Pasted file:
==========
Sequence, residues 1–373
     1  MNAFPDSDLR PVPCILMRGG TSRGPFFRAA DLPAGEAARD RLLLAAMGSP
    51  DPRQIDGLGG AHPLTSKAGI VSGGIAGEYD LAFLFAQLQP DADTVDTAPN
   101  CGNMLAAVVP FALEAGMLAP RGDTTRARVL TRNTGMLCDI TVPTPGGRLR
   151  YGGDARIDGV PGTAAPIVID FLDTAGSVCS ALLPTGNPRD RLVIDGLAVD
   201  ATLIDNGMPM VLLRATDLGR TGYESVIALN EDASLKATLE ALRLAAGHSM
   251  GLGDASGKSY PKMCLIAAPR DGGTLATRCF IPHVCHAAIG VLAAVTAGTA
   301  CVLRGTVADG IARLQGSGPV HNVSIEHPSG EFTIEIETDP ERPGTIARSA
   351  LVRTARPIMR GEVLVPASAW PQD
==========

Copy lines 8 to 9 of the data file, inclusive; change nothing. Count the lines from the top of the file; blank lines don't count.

   301  CVLRGTVADG IARLQGSGPV HNVSIEHPSG EFTIEIETDP ERPGTIARSA
   351  LVRTARPIMR GEVLVPASAW PQD